3.  Go to the office by noon and reserve the space you’re sitting in for the next two days.  Keep doing what you’re doing with your stuff.  You’re learning what might sell and for how much.

4.  On Sunday, have somebody watch your space while you walk around and look at the other areas of the meet and see if you’d rather have a different space for next week.  I personally prefer selling in the back by the McDonalds but this is just a personal preference.   Go to the office and see what’s available to reserve for the next week and buy the space you prefer – about $70 to reserve for the next week.

5.  Repeat this process and refine what you’re selling until you can consistently sell $1500 to $2000 a week.  We did this by finding merchandise we could sell cheaply that was appealing to many customers.  We found that dragging our junk from storage auctions out every week resulted in $300 to $600 per week in sales and was very depressing to handle.

6.  If you really like selling at Broadacres Swap Meet, you can permanently rent a space with a shed.  You’ll have to get a business license, a sales tax id, and keep some records but you can become a permanent vendor if that is your thing.  Personally, I don’t like accounting that much but hey, it’s a free country.

Kevin, best of luck and thanks for the question.  I hope this helps.

Scott Asher

First Question from the bag – What do I do with all this stuff?

The first question comes from Mary F., Chicago, Ill.

Dear Dirk,

I’m quite upset with you.  My husband bought your book and purchased two storage unit auctions, against my better judgment.  Now, we have a house full of stuff and although he’s sold some of it, I can’t stand my house looking like a junk yard.  My husband acts like he has gold fever and is ready to buy more.  What should I do?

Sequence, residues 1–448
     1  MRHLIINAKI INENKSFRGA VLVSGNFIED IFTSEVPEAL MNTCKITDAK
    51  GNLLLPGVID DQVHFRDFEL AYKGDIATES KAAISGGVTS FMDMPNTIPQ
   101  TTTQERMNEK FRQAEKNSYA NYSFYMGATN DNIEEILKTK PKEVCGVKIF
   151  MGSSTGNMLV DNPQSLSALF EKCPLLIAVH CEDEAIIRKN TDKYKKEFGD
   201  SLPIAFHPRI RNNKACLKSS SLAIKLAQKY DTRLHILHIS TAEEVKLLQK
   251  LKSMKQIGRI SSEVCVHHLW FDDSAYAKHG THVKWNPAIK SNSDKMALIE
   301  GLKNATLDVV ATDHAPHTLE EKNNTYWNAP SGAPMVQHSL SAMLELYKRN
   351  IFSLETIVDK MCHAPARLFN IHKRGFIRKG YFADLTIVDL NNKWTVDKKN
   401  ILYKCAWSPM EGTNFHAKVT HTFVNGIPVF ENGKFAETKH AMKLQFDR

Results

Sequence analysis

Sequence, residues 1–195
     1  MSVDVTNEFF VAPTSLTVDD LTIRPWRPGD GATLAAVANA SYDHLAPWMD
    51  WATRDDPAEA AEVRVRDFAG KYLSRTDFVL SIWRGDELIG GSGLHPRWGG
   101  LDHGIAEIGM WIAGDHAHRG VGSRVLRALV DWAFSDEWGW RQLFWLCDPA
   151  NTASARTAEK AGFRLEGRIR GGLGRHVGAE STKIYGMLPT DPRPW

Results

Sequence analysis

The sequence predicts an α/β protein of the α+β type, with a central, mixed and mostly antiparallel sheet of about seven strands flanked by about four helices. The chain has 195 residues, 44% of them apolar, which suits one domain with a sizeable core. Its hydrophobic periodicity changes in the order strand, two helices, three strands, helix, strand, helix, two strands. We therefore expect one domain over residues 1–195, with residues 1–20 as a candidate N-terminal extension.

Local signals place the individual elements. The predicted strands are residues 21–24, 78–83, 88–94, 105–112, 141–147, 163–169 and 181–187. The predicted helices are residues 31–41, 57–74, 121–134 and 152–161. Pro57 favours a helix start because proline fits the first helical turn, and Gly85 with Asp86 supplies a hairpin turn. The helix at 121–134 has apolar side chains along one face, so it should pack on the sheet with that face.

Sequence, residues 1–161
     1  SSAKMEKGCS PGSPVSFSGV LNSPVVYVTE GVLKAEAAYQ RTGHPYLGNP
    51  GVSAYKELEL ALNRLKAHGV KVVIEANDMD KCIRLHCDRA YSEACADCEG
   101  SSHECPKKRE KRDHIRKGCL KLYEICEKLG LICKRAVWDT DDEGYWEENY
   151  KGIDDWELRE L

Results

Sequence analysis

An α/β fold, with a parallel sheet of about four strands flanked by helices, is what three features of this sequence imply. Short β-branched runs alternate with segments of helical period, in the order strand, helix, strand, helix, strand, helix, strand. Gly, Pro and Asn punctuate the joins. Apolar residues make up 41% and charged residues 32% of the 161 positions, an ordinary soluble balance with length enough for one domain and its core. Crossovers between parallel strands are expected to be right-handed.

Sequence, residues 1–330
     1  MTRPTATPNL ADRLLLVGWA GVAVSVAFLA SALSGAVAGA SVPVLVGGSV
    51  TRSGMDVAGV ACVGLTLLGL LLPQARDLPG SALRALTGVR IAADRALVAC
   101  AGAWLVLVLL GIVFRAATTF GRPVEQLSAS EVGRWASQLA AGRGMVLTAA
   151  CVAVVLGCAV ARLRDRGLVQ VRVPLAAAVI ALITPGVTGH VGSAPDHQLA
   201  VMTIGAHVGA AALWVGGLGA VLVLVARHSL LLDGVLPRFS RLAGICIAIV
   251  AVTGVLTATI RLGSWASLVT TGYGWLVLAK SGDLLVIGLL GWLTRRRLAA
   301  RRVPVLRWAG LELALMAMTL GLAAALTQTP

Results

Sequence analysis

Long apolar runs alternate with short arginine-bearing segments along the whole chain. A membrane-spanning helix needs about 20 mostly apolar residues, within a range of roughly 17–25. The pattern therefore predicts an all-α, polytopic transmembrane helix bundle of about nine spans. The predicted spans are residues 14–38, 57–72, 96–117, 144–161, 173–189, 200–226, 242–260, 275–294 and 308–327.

Mary, I’m glad your husband read my book, did you read it?  I explained several ways to move the merchandise once you bring it home.  I assume you held a garage sale since that’s the best way to move a house full of merchandise.  Here’s a couple of more suggestions to unload large quantities of merchandise if you’re not willing to sell individual pieces.  Look in the phone book for auction houses in Chicago, there should be several.  Go see a couple of these auctions and you’ll see that you can create box lots with many items.  Box lots are a great way to make some money and get rid of the stuff around your house.  Another suggestion would be to load a truck full of items and take to your local swap meet.  If you really just want to get rid of the stuff, load it up and take it to your favorite charity and get the receipt – you can deduct at least $500 from your taxes.  If you don’t want to be bothered loading it up, put an ad on craigslist under the free section and watch people back up their trucks and haul everything away.

I’m sorry you’re upset with your husband but you should consider reading the book and working with him as a team.  Two heads are always better than one when it comes to selling your house full of merchandise.  It takes constant energy to list and sell.  If you don’t want to do it, you should just tell him you don’t like that.  If he doesn’t understand your desires maybe you guys should seek marriage counseling.

Good luck!